I don’t often use this space to write about the books I read IRL.
When I do, it’s typically because of some fun coincidence. Once, my experiences in Nepal helped me appreciate a passage about an erotic Indian temple (How much Sutra is too much? — this is a Hebrew pun). Twice, two passages in a single book reminded me of a memorable phrase in one of my favorite TV shows (This obscenely tasteless post goes out to all you Arrested Development fans ).
But those ones were easy. To truly appreciate the coincidence described in the present post, you’ll have to take yourself back a month and a half or so. I had been inexplicably granted a week off school leading up to Thanksgiving, and was resolved to use that time really productively.
That didn’t happen.
I spent the week with my brother in Queens, and aside from one brief excursion (Book of Mormon!), kept mostly to the inside of his house. At one point while he was out the door on his way to class, I asked if he had any recommendations for something to do nearby. He suggested the cheap, local movie theater that was showing Argo, which had been in theaters for about a month, and which he strongly recommended.
All I knew about Argo was that Ben Affleck had recently visited Jon Stewart to promote it (an event that seemed to me quite recent because — as recently noted — I fall chronically behind on my TV-watching while school is in session), and I confused the movie with Cloud Atlas, because Tom Hanks had visited Stephen Colbert to push that at around the same time.
I never made it to the theater, but I did manage to do my brother’s suggestion one better. At exactly that time, I was in the middle of a novel by Roger Zelazny, Lord of Light, which won the Hugo in 1968. As I read, it occurred to me that the book would make a great movie, so when I finally finished it, I checked out the Wikipedia page to see if that had ever happened. It turned out I was not the first person to get that idea:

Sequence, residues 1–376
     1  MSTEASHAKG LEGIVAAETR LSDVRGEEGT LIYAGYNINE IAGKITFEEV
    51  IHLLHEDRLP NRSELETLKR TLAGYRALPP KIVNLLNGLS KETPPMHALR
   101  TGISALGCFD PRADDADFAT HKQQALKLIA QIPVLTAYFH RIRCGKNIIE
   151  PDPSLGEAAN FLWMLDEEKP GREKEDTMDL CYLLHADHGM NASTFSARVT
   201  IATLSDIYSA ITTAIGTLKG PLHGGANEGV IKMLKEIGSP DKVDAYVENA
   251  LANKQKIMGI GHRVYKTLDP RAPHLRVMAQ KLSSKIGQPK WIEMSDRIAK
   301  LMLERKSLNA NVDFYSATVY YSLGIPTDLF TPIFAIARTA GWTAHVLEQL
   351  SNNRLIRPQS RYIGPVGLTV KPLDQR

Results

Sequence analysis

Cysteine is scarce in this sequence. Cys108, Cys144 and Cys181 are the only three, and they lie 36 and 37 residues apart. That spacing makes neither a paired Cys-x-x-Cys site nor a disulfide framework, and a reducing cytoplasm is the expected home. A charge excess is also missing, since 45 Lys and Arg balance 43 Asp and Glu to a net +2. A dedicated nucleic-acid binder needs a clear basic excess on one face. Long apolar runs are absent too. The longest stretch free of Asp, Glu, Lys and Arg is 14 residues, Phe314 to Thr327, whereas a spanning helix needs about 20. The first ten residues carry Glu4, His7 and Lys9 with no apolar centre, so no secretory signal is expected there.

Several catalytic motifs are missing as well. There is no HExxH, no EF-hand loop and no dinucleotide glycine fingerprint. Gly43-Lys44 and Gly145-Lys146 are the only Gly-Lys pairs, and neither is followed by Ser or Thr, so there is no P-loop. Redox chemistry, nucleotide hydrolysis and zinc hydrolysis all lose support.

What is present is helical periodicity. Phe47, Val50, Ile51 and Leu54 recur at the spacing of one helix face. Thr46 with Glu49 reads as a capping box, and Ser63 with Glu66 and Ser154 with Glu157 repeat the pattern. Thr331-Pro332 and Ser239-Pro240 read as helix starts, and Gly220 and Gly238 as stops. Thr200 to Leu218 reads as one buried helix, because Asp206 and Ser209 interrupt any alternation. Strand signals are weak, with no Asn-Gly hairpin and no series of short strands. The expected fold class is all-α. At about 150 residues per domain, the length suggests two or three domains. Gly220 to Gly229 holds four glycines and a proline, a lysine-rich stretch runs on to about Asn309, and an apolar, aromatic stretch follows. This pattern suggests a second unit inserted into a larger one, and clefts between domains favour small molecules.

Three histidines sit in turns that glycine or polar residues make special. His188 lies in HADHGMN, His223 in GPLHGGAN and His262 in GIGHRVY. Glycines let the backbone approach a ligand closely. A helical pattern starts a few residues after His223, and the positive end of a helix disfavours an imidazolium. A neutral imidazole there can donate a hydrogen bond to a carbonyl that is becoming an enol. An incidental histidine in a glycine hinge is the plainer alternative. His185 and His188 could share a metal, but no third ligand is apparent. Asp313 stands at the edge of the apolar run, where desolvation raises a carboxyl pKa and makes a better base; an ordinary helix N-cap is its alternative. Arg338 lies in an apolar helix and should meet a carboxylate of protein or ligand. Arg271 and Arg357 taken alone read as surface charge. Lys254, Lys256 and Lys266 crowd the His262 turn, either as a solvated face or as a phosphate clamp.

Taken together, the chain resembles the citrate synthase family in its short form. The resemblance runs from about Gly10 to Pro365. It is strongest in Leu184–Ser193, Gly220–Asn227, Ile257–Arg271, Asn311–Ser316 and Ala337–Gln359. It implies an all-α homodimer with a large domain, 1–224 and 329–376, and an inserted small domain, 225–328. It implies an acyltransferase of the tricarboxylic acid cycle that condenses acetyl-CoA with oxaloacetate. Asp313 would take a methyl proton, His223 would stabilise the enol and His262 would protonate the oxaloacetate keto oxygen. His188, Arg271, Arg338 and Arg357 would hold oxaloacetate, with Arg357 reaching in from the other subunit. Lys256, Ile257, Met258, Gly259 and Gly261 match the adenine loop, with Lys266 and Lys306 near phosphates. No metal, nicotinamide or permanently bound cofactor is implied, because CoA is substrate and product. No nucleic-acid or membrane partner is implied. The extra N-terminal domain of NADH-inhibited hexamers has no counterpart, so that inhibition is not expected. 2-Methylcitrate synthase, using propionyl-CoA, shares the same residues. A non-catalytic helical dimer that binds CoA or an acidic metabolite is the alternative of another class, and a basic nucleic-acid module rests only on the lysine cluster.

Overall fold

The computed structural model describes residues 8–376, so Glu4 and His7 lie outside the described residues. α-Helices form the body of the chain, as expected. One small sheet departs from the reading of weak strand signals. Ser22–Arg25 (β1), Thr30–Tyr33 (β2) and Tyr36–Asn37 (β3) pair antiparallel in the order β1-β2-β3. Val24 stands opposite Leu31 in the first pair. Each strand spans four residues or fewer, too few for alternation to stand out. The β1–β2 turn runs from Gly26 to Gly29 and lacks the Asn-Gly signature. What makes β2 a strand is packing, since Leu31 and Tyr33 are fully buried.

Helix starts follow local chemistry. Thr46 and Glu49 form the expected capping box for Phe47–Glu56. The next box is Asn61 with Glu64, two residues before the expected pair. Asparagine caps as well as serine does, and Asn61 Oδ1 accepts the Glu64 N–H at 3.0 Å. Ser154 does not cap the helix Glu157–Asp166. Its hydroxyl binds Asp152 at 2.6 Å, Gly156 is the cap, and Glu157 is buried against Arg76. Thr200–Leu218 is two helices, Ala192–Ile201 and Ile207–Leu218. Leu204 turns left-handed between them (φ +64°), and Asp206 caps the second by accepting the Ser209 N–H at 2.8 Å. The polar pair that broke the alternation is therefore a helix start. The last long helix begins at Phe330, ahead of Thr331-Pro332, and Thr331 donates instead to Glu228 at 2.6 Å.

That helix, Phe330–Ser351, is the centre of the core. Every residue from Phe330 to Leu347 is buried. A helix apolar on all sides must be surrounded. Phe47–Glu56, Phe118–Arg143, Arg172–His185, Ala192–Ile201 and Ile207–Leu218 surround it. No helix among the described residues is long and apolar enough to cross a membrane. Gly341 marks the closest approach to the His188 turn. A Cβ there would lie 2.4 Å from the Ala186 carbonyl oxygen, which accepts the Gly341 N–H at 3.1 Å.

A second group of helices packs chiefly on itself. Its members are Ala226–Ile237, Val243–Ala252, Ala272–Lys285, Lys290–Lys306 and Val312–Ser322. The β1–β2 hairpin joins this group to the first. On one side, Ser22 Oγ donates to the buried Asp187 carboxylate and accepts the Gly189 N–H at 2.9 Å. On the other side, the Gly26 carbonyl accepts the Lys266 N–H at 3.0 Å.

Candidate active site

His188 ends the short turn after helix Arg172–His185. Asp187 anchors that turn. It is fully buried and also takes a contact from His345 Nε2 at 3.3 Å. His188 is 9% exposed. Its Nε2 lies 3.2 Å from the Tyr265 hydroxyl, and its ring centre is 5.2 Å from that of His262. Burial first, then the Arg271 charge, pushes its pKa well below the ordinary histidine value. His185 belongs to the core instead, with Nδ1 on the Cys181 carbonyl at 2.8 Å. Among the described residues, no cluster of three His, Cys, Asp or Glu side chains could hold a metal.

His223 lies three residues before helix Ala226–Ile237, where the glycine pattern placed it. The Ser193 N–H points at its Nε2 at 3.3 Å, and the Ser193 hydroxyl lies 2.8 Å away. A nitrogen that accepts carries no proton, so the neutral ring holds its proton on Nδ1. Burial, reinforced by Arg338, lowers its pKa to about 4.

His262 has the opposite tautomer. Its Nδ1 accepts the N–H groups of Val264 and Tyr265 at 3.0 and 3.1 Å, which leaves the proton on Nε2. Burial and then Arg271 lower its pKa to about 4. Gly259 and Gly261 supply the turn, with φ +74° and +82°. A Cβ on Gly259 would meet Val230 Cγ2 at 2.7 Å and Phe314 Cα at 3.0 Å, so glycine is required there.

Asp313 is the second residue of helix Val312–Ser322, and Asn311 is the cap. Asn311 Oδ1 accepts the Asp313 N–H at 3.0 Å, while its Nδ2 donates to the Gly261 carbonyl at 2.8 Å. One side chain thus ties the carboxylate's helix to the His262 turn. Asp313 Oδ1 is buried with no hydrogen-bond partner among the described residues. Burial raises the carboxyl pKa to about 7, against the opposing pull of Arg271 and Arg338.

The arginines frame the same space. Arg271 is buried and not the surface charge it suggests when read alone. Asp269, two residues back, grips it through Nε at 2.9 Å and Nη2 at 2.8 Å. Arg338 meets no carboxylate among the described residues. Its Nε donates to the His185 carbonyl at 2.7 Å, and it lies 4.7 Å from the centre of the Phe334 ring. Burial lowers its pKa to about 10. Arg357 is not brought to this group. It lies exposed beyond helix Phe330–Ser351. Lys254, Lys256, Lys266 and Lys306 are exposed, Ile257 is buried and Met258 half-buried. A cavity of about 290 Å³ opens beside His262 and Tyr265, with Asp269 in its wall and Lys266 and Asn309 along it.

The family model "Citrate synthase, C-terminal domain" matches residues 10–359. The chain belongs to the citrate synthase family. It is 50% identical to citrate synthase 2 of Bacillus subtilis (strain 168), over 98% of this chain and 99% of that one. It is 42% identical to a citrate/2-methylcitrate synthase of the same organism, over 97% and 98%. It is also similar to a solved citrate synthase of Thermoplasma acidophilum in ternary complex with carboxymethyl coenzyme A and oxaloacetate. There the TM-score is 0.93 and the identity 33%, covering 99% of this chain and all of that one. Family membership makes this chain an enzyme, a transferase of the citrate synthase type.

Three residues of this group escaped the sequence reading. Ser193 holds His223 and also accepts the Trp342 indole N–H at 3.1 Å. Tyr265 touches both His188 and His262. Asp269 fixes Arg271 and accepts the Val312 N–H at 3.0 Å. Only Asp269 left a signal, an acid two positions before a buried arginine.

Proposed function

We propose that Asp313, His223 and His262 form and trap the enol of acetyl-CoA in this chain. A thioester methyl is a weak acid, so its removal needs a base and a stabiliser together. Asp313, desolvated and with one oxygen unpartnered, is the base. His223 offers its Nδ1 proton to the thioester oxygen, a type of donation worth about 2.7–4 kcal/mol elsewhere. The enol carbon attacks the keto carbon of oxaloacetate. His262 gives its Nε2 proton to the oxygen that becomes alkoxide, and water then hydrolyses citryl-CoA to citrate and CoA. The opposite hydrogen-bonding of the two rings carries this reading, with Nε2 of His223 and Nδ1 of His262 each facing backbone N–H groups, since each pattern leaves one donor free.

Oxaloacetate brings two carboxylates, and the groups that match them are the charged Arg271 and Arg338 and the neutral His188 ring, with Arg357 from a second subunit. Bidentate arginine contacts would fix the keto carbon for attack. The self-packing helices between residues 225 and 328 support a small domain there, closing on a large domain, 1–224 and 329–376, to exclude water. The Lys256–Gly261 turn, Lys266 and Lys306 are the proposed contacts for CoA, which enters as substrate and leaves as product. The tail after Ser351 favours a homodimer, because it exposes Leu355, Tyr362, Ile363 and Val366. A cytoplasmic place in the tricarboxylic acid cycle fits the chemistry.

In 1979 it was announced that Lord of Light would be made into a 50 million dollar film. It was planned that the sets for the movie would be made permanent and become the core of a science fiction theme park to be built in Aurora, Colorado. Famed comic-book artist Jack Kirby was even contracted to produce artwork for set design. However, due to legal problems the project was never completed.
[Editor’s note: You can see Kirby’s design for Science Fiction Land by scrolling back up.]
But as I read on, things started to get a little weird:
Parts of the unmade film project—the script and Kirby’s set designs—were subsequently acquired by the CIA as cover for the “Canadian Caper”: the exfiltration of six US diplomatic staff trapped by the Iranian hostage crisis (in Tehran but outside the embassy compound). The rescue team pretended to be scouting a location in Iran for shooting a Hollywood film from the script, which they had renamed Argo. The story of the rescue effort was later made into a movie, itself named Argo.
The book’s been out for 45 years, I’ve been alive for 25 of them (and into science fiction for most of those), and I only happened to read Lord of Light at exactly the same time the movie that was sort of based on it was in theaters? As I said, I only write about my books when there’s a fun coincidence. This qualifies, as far as I’m concerned. My life is very exciting.
I suppose, given how may people there are in the world, Hari Seldon would have had no difficulty predicting that someone would be reading Lord of Light at about this very time. Indeed, I’m not even the only person I know who was reading it in November — I was reading it as the second book in my first-ever book club.
And before it occurs to you that the book club chose Lord of Light because Argo was in theaters, the person who selected the three possibilities was just looking for classic literature, and insists he had no idea the book he chose was in any way timely. And I believe him, because the other two books he came up with were The Moon is a Harsh Mistress (1966), which is not — to my knowledge — in imminent danger of being made into a movie, and The Hobbit, which — unlike Lord of Light — he went out of his way to describe as a “good warmup for the upcoming movie.”
So now I have to go see Argo, but I think I’ll wait until it makes its way out of theaters. Getting myself to the Hobbit is hard enough when you’re lazy and busy and home.
And next up for the book club? Cloud Atlas — but this time on purpose.